As your union representatives, it is not our job to be doctors or epidemiologists. We request information from experts and we use that information when representing our members. When a doctor provides a note saying a worker cannot work for three days, that is a fact which we do not dispute. We will not be disputing medical information in the case of COVID vaccines either.
If you provide medical documentation that says you cannot be vaccinated due to an illness or disability, we will make sure that you are accommodated up to the point of undue hardship.
What we cannot do is dispute medical information provided by Health Canada, Dr. Shahab, your doctor or any of the other Medical Health Officers. We are not medical experts and cannot pretend to be medical experts.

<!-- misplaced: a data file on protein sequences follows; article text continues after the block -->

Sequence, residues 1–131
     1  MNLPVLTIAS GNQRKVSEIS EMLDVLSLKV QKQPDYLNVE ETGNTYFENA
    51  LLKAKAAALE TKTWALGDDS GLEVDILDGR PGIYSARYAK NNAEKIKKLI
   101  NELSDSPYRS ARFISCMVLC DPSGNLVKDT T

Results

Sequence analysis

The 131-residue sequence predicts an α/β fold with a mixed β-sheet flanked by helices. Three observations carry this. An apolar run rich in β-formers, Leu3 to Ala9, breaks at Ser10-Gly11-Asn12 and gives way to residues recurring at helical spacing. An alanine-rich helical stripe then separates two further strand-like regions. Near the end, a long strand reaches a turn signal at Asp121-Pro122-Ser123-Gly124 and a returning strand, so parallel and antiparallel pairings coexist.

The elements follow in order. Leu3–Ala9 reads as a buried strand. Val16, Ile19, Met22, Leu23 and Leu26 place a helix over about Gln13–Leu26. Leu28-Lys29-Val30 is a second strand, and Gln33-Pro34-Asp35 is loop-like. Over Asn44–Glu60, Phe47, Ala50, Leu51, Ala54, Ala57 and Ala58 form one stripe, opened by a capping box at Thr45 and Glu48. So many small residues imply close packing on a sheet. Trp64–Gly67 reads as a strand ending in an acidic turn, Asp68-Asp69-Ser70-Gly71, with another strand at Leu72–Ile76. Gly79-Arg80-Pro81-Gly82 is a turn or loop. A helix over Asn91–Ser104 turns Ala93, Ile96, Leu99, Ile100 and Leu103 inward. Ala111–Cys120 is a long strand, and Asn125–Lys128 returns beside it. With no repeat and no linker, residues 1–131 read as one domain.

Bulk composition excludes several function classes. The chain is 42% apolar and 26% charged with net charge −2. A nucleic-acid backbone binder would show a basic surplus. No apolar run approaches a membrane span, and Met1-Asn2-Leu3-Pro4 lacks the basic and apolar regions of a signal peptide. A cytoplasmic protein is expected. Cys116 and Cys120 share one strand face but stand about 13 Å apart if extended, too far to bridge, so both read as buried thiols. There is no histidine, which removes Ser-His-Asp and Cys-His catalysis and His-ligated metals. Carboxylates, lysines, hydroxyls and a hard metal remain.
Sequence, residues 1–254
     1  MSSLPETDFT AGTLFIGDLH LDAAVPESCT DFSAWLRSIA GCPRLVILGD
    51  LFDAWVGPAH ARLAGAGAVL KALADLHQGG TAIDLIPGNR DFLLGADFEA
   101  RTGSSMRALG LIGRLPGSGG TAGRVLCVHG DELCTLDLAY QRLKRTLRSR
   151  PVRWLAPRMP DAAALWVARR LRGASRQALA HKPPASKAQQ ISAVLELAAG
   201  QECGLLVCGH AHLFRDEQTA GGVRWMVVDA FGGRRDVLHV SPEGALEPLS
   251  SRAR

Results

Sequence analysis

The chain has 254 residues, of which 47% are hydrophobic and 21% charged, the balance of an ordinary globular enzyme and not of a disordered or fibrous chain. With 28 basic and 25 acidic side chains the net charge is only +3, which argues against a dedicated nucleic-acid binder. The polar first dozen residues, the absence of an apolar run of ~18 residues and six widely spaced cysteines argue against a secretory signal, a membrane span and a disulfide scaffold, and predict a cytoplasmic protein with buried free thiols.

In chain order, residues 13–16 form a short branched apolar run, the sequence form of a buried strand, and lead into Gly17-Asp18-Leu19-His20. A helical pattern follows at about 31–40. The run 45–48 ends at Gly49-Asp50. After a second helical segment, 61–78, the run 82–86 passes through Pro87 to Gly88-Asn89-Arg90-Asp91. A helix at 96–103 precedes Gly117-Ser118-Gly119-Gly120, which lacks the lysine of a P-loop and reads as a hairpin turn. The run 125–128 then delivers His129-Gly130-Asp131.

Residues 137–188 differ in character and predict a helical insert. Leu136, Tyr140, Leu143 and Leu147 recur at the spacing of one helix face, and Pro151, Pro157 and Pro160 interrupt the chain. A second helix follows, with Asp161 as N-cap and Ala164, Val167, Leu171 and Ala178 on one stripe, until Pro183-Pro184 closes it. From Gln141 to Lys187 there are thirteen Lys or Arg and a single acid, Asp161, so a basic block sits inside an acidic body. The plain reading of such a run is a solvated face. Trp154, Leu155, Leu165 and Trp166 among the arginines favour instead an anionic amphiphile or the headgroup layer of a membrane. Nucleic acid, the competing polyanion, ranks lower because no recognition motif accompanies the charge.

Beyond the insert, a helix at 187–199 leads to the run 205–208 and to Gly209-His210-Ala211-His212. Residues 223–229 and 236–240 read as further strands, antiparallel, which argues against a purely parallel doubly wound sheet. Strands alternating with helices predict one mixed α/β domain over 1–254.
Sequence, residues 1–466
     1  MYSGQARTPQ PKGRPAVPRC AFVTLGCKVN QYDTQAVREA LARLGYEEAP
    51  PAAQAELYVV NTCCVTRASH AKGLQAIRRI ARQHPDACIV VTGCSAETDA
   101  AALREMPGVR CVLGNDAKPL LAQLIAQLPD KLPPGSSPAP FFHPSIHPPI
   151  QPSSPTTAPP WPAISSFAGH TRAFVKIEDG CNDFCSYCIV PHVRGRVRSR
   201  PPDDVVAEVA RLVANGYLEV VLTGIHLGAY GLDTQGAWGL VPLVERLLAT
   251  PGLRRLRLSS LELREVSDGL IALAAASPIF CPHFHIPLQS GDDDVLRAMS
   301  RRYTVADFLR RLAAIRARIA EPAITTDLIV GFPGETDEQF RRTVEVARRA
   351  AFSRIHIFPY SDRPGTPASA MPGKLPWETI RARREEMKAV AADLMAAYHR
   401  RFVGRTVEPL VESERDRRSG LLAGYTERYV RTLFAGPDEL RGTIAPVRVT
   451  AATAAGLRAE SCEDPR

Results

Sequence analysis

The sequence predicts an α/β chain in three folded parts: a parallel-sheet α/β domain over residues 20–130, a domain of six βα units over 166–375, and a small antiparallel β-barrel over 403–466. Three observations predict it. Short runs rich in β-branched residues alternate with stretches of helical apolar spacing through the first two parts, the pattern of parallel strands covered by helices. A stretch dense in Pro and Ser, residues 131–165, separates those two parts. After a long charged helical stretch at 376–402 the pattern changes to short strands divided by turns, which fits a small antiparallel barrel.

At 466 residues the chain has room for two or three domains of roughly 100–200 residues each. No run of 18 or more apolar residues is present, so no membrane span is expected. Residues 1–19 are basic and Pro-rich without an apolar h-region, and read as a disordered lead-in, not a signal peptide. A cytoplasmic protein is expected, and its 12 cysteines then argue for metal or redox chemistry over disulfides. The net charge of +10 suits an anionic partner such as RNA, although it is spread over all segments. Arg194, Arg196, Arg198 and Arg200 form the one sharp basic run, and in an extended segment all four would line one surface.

Arbitrators and courts only accept expert evidence from experts. This means doctors, Health Canada, epidemiologists or medical health officers. It is unlikely that a podcast from someone who is not an expert in a field directly related to medicine, vaccines or epidemics would be allowed at arbitration.

Genetic Non-Discrimination Act
We know there is a huge amount of confusing information out there. One thing that keeps coming up is the Genetic Non-Discrimination Act. It is summarized as follows by the Canadian Legal Information Institute:
“This enactment prohibits any person from requiring an individual to undergo a genetic test or disclose the results of a genetic test as a condition of providing goods or services to, entering into or continuing a contract or agreement with, or offering specific conditions in a contract or agreement with, the individual. Exceptions are provided for health care practitioners and researchers. The enactment provides individuals with other protections related to genetic testing and test results.